GlenDronach is known for crafting single malts that are richly sherried. Though the 14 Year Sauternes Cask we reviewed early last year is no longer offered, several others have been introduced (or reintroduced) to take it’s place. The 15 Year in particular has received a lot of positive attention, having been an excellent single malt from years ago recently brought back. Since we’d gone through a number of Sauternes finished whiskies, we decided to sample the sherry finish to compare.
Age: 15 years
Maturation: Spanish Oloroso Sherry Casks
Nose: Green apple, sweet, chocolate, oak, celery, vanilla
Palate: Red apple, spice, wine, lemon candy, iodine, brine, dried pineapple
Adam – I’ve seen a lot of people going crazy for this online and such, so I’m not sure if my expectations were thrown or not. Suffice it to say I have not jumped on this particular bandwagon. There are some good qualities here, as the sherry notes on the nose and the smoothness of that first drink, even at 46%. Sadly, it sort of falls apart after that. The menthol/iodine is too strong for my tastes even with some water to take off the edge, smothering the other notes of fruit and sweet I can detect just below the surface. It’s the wild west of Scotches for me: raw, brisk, a veritable tumbleweed of flavors that never seem to quite coalesce.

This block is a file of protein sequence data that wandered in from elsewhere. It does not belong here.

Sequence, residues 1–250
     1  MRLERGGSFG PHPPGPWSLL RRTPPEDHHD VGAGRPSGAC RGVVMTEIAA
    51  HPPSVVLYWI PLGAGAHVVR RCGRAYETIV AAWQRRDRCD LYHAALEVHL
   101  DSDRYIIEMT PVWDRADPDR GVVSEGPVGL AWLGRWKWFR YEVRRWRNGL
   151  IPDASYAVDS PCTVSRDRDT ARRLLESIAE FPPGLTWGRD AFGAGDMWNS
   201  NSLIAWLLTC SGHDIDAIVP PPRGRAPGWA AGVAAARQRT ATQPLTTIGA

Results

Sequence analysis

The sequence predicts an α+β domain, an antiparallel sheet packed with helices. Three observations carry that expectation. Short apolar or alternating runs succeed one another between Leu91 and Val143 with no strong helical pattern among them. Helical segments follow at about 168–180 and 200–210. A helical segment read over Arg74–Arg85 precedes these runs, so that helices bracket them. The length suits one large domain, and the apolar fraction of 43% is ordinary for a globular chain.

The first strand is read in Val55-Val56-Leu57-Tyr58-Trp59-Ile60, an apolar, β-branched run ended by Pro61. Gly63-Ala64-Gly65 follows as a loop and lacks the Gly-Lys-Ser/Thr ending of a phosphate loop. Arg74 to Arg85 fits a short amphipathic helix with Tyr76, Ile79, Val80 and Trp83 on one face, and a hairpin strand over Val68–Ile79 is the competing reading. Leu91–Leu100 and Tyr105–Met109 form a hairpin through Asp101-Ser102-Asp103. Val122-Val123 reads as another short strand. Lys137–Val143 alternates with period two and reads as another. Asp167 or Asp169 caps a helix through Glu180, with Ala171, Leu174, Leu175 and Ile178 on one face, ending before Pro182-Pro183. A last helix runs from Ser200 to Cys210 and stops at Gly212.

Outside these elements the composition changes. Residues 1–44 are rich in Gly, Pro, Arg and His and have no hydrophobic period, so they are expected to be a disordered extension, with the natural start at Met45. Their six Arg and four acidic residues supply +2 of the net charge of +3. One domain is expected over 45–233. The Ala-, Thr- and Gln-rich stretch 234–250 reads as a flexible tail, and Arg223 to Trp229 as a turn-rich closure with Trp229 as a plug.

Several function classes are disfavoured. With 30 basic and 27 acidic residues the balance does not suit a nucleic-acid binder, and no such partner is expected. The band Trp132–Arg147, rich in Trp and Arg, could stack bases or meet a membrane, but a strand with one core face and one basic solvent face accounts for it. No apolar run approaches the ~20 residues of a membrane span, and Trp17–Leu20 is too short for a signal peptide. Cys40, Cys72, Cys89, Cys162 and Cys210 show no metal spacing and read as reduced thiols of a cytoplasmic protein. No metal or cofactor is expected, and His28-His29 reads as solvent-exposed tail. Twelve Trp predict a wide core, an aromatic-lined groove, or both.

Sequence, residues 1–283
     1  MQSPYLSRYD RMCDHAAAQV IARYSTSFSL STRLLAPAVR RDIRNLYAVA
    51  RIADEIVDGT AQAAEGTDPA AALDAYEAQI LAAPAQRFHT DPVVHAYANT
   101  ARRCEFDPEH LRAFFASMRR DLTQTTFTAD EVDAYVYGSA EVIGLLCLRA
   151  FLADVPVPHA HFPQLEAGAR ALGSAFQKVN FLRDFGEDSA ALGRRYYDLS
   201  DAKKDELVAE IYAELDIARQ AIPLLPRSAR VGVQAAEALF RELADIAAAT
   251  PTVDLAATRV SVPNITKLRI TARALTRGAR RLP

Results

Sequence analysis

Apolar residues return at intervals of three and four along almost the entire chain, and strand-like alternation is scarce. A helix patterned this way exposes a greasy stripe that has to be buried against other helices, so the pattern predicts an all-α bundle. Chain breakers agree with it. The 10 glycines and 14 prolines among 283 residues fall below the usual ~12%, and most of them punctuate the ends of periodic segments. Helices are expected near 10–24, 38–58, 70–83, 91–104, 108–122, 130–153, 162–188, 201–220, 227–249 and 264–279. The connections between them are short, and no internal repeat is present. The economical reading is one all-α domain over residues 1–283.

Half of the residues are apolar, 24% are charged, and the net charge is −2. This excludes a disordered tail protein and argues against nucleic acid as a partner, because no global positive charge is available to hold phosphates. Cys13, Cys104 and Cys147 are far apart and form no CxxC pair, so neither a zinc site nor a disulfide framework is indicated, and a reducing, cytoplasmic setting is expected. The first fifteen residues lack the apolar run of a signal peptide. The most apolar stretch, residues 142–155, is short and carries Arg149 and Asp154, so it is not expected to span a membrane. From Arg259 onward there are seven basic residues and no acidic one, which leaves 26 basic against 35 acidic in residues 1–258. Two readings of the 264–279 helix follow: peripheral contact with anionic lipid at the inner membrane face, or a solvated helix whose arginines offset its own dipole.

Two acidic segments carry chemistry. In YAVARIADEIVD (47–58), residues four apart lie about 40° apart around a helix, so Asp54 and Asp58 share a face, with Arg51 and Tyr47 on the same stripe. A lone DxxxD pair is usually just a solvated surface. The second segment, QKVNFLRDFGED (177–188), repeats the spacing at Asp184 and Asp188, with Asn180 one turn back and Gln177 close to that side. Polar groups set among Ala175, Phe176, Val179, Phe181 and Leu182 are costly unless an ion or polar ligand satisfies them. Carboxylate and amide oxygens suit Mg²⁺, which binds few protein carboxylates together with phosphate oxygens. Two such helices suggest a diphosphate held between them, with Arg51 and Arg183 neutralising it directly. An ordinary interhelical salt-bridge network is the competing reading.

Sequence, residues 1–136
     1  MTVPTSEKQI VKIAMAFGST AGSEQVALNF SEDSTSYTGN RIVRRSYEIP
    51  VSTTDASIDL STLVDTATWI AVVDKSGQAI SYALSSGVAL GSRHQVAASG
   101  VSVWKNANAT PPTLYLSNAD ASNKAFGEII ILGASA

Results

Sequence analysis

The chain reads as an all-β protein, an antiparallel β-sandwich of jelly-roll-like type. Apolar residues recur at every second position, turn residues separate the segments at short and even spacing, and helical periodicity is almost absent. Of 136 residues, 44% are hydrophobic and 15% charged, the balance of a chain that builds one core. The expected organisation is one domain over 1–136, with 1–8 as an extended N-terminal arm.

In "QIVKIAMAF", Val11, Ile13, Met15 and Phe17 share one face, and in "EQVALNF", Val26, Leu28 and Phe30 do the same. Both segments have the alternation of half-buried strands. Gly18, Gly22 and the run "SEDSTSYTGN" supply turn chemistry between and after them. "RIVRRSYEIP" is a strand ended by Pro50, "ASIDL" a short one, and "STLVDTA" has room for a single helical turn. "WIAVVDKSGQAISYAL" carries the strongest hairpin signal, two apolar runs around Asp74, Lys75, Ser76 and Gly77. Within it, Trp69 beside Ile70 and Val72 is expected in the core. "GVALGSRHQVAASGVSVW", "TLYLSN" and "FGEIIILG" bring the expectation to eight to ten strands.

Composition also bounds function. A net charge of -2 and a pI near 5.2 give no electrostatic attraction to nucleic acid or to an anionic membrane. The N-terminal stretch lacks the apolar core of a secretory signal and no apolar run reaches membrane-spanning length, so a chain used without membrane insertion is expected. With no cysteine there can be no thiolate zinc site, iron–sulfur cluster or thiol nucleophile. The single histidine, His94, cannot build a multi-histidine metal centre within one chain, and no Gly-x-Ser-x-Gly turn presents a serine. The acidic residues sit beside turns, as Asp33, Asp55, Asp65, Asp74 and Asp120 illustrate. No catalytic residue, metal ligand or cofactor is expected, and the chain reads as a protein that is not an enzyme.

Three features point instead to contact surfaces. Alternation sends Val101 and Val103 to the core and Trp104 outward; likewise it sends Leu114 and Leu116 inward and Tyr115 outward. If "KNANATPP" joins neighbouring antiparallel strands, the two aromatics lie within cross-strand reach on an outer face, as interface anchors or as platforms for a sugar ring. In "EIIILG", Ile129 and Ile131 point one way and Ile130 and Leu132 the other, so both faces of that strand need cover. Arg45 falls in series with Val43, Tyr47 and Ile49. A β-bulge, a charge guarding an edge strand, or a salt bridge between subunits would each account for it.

Kate – This is like a little kid throwing things all at once into a bowl together trying to play chef, grabbing random things and topping it with syrup, and it does not work for me. I think I would like this better if each of the flavors came to me individually, but they come to me all at once.
Meghan – I get burned out with Sherry cask finishes as I often find the finish too sour in an almost spoiled way. Luckily, this cask does not give me that flavor. I prefer it with a bit of water. There are notes that make me want to really love it: spice, apple and lemon, hints of brine and green vegetable but it just misses the mark. One of my main reasons for loving Highlands over other regions is for their transportive quality. I can see a place when I drink them, I can feel the sun and wind, taste the spray-kissed grassy wind. This GlenDronach just doesn’t quite take me anywhere. It’s more like the travel brochure for a destination: glossy, too pristine, while overselling and showing you more than any one person could experience. If it tried a little less by pulling back on some flavors, it would achieve a lot more in the delivery.